Department of Agriculture
Dr Godfrey Elijah Zharare is a plant scientist trained at the University of Zimbabwe. He holds a PhD in Plant Mineral Nutrition from the University of Queensland in Australia, MSc in Crop Physiology from the University of Reading in the UK, and a BSc Honours in Crop Science from the University of Zimbabwe. His main research area has been physiology and agronomy of field crops.
He was rated C3 by the NRF in December 2013 for his contribution to the mineral nutrition of groundnut (peanut). In this regard, he produced a collection of innovative work that examines in detail mineral nutri-tion of groundnut with respect to both its vegetative and reproductive growth using solution culture tech-niques. This is the first study into the mineral nutrient relations of the developing ‘subterranean’ groundnut pod using solution culture techniques, which allow a close control of pod’s chemical environment.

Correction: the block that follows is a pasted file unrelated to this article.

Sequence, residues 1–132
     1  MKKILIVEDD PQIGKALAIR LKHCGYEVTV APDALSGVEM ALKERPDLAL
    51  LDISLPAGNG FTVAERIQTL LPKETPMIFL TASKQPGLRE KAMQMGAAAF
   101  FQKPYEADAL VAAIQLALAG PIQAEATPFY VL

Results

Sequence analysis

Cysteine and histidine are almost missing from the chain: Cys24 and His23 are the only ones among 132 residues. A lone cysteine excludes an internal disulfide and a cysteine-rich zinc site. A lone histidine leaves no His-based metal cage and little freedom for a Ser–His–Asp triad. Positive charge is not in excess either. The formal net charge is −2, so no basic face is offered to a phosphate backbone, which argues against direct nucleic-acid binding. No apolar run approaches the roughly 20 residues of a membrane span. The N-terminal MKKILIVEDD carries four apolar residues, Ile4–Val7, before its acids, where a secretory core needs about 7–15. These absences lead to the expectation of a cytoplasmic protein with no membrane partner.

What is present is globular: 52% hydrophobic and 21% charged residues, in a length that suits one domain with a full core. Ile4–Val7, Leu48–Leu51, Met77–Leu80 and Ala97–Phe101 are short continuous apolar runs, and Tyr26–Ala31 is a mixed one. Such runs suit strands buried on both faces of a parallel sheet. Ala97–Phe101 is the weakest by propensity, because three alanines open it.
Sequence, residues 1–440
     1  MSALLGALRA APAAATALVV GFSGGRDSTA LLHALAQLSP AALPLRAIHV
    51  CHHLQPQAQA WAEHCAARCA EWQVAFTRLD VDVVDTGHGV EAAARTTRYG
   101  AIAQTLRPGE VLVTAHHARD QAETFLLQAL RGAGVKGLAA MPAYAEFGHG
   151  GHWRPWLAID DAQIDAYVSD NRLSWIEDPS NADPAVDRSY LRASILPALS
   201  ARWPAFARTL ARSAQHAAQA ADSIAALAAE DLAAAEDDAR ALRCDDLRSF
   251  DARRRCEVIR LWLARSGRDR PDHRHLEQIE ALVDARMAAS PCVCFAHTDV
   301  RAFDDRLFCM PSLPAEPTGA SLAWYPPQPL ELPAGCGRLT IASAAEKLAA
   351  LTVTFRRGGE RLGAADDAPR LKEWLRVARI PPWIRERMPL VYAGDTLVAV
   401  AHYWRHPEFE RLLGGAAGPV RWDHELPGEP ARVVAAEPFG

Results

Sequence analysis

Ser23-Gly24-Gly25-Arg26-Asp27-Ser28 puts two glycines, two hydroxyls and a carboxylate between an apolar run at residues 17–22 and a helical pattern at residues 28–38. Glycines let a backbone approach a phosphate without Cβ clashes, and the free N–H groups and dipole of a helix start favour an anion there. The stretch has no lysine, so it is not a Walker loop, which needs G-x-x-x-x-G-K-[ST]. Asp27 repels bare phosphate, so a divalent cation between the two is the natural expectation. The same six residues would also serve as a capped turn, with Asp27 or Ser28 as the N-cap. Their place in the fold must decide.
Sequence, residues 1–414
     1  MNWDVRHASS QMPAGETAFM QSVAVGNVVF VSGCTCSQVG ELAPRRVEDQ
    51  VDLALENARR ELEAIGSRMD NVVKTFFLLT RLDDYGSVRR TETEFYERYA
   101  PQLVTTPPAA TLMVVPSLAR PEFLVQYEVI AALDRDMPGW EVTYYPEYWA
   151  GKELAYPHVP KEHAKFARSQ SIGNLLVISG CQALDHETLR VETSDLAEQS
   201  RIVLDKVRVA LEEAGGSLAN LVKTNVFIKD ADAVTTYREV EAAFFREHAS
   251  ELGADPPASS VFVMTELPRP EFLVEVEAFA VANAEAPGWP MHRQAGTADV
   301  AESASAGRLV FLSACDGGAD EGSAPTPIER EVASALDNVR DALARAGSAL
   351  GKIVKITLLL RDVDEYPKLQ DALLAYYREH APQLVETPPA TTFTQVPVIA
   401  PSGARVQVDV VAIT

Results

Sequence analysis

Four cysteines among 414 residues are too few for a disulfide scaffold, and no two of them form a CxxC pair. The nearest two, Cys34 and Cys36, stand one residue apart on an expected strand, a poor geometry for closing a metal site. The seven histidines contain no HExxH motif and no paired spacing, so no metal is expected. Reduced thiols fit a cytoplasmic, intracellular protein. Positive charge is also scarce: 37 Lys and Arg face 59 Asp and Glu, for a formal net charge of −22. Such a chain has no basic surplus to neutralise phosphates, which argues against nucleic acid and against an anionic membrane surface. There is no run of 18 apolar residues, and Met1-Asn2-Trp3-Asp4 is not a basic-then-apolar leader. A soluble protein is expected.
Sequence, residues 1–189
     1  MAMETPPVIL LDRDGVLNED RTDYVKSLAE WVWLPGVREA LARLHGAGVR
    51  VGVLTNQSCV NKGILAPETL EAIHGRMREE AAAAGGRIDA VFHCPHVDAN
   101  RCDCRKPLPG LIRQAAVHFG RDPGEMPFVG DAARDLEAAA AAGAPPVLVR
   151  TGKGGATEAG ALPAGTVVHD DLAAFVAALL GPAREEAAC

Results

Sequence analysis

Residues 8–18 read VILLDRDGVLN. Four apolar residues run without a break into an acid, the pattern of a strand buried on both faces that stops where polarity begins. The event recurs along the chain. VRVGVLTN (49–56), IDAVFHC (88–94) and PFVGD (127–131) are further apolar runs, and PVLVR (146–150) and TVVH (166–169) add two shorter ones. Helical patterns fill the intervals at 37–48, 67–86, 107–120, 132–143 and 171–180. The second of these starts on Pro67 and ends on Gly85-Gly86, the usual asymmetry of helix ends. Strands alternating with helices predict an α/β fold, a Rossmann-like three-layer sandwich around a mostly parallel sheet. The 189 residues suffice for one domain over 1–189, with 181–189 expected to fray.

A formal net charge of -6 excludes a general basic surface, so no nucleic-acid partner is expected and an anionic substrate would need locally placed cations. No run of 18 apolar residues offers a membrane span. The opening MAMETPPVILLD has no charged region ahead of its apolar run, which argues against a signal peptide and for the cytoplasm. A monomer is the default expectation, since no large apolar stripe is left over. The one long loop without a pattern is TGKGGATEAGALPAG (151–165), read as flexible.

Using solution culture techniques, he and a PhD student studied (i) the morphological development of groundnut pods, (ii) the pod-zone zinc nutrition of groundnut, (iii) the effects of pod-zone calcium on pod development of Virginia, Spanish and Valencia type groundnut in solu-tion culture, (iv) the pod fluxes of magnesium, potassi-um, and calcium, and (v) the interactions of calcium with magnesium and pH in the pod-zone on pod and seed de-velopment of groundnut. These studies have advanced the world’s knowledge on mineral nutrition of groundnut, particularly calcium.
As a continuation of this work, he have started research aimed at elucidating the physiological processes involved in the etiology of pops disease (production of fully grown pods with no seed inside) of groundnut. He is also researching on insect-host plant relations of groundnut leaf miner, a pest of groundnut and soy-bean that has recently emerged and threatening the viability of groundnut production on the African continent.
On the side-line he has a small research project on mushrooms (oyster and shiitake) and another project on eco-physiology of the semi-domesticated indigenous vegetables.